Mr. Hazlitt is, in his peculiar walk of literature, unrivalled; no man has produced so many miscellaneous works, with so little of common-place matter, or exhibiting such frequent marks of acute and profound thought. He has not much imagination or humour, though he can appreciate them in others; but he has the art of probing a subject to its depths, and of dealing with it in a manner that places him in the very first rank of philosophical critics. His Essays are full of wisdom, and it is almost impossible to rise from a perusal of them without the acquisition of some new and striking ideas. His style is, upon the whole, clear, firm, and eloquent; but he is sometimes too redundant of ornament.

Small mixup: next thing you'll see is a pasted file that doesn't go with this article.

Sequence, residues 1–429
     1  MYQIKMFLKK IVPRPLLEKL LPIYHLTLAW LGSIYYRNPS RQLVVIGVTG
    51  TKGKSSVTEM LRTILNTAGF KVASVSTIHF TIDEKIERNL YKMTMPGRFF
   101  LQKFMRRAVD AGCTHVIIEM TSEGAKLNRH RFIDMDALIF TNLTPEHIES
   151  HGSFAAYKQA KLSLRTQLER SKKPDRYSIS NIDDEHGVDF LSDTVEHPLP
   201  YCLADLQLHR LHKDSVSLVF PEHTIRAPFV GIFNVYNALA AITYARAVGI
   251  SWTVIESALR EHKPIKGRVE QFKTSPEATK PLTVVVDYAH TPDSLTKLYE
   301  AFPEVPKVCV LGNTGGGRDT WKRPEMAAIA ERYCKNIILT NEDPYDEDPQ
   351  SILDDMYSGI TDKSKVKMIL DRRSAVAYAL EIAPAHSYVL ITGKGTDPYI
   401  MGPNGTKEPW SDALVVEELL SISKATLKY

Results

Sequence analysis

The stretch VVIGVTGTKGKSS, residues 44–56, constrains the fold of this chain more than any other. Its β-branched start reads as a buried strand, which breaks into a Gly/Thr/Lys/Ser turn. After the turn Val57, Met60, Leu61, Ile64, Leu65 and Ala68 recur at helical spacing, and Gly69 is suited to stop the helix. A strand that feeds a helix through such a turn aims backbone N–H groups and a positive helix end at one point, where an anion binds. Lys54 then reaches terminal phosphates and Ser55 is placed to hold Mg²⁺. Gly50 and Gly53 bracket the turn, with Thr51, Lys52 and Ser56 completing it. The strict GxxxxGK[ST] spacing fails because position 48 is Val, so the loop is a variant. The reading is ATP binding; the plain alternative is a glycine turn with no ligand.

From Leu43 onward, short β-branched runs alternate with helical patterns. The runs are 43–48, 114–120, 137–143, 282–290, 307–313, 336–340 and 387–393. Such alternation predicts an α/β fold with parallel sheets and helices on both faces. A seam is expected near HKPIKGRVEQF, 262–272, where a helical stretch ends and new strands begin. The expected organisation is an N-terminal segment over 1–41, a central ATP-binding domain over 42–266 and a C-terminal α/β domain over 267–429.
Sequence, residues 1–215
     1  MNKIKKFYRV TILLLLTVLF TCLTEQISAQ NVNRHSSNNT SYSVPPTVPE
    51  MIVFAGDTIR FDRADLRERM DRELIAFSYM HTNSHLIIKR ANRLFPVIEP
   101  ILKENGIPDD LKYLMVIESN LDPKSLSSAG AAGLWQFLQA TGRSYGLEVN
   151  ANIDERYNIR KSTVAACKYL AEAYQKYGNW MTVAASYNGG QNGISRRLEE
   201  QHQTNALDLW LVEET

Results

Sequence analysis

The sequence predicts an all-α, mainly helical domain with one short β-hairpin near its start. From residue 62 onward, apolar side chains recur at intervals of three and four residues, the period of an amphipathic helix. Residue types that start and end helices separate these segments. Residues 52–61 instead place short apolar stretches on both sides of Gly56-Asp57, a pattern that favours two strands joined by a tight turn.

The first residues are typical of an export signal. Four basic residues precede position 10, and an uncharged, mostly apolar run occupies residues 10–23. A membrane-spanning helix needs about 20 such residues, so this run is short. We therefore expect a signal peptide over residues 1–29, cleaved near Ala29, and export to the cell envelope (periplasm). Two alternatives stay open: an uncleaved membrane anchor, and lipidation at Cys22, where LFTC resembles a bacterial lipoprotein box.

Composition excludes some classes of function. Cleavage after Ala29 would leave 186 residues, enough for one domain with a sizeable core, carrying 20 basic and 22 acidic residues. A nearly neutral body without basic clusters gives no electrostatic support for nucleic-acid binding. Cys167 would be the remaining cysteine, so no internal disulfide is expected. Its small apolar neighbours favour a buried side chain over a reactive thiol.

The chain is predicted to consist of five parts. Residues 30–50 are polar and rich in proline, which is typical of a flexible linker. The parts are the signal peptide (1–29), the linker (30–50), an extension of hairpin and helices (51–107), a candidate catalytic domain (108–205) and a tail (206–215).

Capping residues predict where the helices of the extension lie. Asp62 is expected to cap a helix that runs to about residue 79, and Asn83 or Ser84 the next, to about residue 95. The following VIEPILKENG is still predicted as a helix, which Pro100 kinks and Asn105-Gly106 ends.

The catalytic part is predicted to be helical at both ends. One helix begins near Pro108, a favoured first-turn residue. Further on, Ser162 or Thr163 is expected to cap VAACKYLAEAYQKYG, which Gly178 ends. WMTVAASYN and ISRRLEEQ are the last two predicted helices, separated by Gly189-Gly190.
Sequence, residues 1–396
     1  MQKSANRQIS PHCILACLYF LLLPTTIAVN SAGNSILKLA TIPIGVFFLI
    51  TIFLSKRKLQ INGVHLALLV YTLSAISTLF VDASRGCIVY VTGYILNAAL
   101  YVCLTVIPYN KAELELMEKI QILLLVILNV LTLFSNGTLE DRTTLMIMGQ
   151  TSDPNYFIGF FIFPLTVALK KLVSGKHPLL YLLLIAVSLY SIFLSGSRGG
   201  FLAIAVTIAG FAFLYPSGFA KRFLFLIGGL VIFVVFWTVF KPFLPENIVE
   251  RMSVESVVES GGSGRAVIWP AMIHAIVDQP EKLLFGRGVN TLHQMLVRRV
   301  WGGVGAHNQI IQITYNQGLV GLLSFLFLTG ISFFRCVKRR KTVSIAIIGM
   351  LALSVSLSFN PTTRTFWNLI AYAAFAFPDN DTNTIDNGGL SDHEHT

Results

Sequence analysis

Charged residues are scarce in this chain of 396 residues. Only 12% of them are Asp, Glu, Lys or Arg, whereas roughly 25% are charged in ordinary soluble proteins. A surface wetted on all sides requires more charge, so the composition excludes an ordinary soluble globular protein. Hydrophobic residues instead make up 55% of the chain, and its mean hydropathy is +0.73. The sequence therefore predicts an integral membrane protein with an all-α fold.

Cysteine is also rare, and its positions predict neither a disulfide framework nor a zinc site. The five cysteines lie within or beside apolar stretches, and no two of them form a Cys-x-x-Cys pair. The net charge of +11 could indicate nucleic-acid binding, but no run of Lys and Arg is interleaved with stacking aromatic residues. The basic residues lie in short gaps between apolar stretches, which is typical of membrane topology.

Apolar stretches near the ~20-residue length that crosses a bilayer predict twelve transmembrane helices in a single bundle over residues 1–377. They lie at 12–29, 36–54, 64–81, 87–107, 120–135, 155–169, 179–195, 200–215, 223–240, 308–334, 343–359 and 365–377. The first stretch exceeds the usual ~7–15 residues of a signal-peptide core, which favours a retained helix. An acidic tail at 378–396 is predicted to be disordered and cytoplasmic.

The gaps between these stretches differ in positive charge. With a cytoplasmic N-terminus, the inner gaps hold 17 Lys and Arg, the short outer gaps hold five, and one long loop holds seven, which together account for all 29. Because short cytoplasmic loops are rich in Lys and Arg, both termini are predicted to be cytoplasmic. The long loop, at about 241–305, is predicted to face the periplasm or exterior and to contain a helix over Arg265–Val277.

Mr. Hazlitt, who married a sister of Dr. Stoddart, has never been able to realize, by his pen, sufficient to place him out of the reach of pecuniary difficulties, and he is, at this time, suffering both from ill health and poverty. He is said, by his friends, to be of a generous, warm-hearted, but impetuous disposition; and, with all his violent prejudices, to be candid and impartial. The attacks made upon him in Blackwood's Magazine he has sometimes mentioned with most bitter resentment; but how he could still admire an enemy, the following anecdote will show. A friend having read to him a passage in favour of Napoleon from Blackwood, he exclaimed, "That's good, by Heaven! that's fine! I forgive 'em all they've said of me." — Mr. Hazlitt's favourite amusement used to be rackets, and he would often spend more time at the Tennis Court than was consistent with his necessities. "The racket," it has been said, "was the only instrument with which he ever desired to conquer;" and it was only for his wants that he resorted to the pen. Many of his productions were composed at a small public house on the edge of Salisbury Plain, whither he would retire, and shut himself up in solitude till he had got through a volume. He is remarkably temperate, and, for the last fifteen years of his life, has drank nothing but water. In conversation no man is more sensible or entertaining; and among a variety of anecdote, he occasionally tells one of himself. The following is one of the most characteristic: Miscalculating his expenses, he, one day, found himself, at Stamford, reduced almost to his last shilling. He set off to walk to Cambridge, but having a pair of new boots on, they gave him acute pain. In this predicament, he tried at twenty different places to exchange them for a pair of shoes, or slippers, of any sort, but no one would accommodate him. He made this a charge against the English — "though they would have got treble the value by exchanging," said be, "they would not do it, because it would have been useful to me." "Perhaps," said some one, jestingly, "they did not know that you came honestly by them." — "Ah! true," said Hazlitt; "that shakes my theory in this respect, if it be true; but then it corroborates another part of it; so the fact is valuable either way, — there is always a want of liberality, either in their thoughts or actions."